They went into the pub and next of all we heard loud bangs. They then ran from the pub, up towards the ’27 Steps’, into Summerhill, and made their getaway. I did not know that it was ‘Shankers’ Ryan who was shot by the IRA. He was a policeman that lived in our street. I never seen him in uniform, he was always in plainclothes.”


“I remember the time the IRA shot Becky Cooper’s brother in Hynes’s pub in Railway Street.

I was playing cards with some friends just outside Curran’s greengrocers in Gloucester Place around ten o’clock on a Saturday morning; the next thing, Bang! Bang! Bang!

We ran over to see what had happened. People came running from all around the neighbourhood to see what had happened. It was said he was spying on the IRA for the British, as he worked in Dublin Castle.”


Bloody Sunday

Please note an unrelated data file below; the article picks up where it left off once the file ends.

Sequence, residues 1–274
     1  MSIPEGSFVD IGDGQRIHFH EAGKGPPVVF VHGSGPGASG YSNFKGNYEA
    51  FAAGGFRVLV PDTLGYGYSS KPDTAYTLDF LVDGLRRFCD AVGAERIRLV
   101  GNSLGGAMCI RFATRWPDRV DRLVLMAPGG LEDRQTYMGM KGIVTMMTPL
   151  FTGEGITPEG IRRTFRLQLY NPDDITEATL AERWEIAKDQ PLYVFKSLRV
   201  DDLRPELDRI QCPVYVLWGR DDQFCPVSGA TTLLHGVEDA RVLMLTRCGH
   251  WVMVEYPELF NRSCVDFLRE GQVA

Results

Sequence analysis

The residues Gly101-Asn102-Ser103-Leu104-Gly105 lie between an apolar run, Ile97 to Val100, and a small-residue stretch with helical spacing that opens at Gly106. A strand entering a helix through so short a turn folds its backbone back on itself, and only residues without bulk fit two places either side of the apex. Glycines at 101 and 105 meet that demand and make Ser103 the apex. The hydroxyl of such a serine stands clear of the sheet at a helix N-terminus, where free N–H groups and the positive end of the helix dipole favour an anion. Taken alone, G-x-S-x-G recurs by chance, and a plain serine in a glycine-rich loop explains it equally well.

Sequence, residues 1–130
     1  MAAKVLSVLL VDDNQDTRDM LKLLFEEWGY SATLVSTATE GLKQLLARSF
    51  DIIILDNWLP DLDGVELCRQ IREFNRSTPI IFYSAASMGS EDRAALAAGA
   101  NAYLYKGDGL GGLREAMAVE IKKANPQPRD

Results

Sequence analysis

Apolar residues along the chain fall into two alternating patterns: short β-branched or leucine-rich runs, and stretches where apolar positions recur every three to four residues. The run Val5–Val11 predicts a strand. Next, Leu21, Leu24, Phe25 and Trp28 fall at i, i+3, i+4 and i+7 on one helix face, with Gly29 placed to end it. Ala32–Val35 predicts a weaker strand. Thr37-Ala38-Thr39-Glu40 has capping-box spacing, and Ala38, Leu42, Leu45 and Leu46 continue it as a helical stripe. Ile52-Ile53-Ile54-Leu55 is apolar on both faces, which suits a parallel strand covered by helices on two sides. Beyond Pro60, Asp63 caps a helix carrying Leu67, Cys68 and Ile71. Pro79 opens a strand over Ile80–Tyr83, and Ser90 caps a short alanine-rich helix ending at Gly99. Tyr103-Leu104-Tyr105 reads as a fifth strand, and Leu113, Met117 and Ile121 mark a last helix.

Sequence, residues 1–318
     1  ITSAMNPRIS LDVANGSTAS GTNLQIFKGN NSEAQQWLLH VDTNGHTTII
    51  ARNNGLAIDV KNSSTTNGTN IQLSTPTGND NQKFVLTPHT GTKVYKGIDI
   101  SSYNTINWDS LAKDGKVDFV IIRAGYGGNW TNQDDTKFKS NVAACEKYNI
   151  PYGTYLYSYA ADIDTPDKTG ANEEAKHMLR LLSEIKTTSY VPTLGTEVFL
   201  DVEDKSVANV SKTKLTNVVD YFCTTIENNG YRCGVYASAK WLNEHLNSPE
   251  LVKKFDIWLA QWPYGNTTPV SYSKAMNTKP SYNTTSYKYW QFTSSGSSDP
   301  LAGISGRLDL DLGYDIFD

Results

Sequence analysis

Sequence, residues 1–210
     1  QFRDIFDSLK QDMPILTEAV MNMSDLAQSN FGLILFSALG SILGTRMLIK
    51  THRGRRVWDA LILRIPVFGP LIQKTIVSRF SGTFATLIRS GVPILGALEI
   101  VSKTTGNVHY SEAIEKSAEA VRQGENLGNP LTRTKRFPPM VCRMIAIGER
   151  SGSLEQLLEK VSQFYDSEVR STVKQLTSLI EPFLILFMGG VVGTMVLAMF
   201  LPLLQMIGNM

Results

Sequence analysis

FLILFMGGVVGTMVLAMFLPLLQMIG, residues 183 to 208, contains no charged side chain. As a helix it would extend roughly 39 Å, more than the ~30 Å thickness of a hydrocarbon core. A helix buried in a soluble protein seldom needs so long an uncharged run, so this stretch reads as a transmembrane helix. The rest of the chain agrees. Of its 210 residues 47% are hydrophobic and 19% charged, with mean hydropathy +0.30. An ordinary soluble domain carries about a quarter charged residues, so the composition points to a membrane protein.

On 21 November 1920 during the Irish War of Independence, a total of 31 people were killed – fourteen British, fourteen Irish civilians and three republican prisoners.
Bloody Sunday is particularly remembered for a retaliatory attack by the Black and Tans on civilian spectators who were in Croke Park to watch a Gaelic football match between Dublin and Tipperary.
They indiscriminately opened fire on the crowds of spectators – men, women and children. Fourteen men and women were killed, hundreds were trampled on, and a small boy died in his mother’s arms. One of the victims was a Tipperary player, Michael Hogan.